Watching Him Walk Away—Deployment Day

“For 10 deployments, I never stayed until the very last moment. I thought it would be too hard…you know, watching him walk away. But this time I did and I realized my instincts had been right all along. For me, I’d rather be the one walking away than the one that gets walked away from. For me, it was just too hard.”  This is what Ashley* told me after her husband Brendon* deployed to somewhere in the Middle East a few weeks ago.

U.S. troops deploying

Brendon leaving (photo credit: his wife, Ashley)

The other reason this deployment is different is because it will be Brendon’s last. He will retire soon after he returns. Like many troops, Brendon has also been gone from home many times for various training exercises and classes. This makes Ashley anything but a newbie in the Good-Bye Department. Like many spouses, she tries to help support those who are facing their first separation. And, as Ashley begins her last time going through this, she shared some observations with me hoping it may help others.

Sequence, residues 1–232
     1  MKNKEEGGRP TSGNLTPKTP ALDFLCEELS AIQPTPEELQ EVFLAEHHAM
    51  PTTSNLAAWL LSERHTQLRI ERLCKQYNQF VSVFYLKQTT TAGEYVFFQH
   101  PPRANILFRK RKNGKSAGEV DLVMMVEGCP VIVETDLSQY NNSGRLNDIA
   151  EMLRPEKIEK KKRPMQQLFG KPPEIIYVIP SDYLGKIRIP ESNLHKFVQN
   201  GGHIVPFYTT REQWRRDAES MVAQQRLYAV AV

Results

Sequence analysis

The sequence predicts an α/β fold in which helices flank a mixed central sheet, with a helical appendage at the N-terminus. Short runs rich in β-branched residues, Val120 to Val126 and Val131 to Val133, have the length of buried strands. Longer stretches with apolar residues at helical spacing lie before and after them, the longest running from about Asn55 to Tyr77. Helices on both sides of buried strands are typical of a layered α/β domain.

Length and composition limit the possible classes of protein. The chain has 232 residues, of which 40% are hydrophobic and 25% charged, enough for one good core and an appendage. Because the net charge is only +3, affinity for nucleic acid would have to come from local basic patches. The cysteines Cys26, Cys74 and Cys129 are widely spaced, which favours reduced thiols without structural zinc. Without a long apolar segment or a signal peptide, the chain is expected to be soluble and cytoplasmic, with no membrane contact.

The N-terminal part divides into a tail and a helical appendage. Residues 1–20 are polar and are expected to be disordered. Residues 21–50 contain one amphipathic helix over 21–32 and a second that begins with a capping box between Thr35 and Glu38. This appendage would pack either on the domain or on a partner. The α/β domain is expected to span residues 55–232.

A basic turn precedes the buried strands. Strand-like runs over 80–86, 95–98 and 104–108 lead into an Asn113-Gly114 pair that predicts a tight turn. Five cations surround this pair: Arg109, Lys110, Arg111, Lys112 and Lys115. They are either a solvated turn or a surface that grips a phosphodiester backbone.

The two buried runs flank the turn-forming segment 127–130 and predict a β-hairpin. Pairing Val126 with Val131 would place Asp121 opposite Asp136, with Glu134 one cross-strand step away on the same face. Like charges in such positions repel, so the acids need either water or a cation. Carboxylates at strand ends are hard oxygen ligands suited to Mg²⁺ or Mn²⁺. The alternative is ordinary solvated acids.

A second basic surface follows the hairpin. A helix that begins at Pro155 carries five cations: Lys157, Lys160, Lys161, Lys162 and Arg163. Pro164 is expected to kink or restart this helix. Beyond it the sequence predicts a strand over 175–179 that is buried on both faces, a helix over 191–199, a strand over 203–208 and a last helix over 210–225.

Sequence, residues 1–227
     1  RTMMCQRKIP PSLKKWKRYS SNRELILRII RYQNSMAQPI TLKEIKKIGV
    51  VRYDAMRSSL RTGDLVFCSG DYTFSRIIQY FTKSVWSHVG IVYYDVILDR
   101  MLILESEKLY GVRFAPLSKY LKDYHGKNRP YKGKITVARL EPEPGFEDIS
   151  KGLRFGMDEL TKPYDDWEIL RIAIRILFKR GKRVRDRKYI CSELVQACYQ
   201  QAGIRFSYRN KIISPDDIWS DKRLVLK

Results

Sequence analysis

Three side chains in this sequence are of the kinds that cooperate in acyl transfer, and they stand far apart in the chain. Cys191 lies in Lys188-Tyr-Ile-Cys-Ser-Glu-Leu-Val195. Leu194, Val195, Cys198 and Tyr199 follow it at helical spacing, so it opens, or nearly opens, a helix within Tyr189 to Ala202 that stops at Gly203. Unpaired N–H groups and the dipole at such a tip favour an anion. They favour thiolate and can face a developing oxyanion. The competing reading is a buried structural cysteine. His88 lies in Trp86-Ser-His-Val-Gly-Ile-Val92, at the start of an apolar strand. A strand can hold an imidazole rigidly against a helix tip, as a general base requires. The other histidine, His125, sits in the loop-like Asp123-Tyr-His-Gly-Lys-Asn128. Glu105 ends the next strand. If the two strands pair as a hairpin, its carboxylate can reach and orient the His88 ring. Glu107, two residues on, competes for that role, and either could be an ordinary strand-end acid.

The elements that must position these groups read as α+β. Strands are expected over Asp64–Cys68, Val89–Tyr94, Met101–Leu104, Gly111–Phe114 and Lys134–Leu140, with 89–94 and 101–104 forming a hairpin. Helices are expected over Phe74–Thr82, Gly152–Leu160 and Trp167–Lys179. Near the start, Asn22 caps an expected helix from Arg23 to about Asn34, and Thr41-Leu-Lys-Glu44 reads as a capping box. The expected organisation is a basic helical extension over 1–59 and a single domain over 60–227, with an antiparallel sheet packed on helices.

They need to know you’ll be okay

Every relationship is different. But at Brendon’s deployment, I saw two ladies on their knees sobbing. And I’m not judging, but it’s hard for me to see how totally breaking down is helping the person who is deploying. I think your spouse needs to know that you’ll be okay. Again, everyone is different so, maybe that’s what works for them.

But I know for sure what doesn’t work—getting mad at the person deploying for not spending enough time with you before they leave. Things get very busy before they go. It’s not easy for Brendon to see and do everything he wants. Feelings can be hurt. But calling someone deploying as they board a bus to yell at them? Trust me. Not helpful.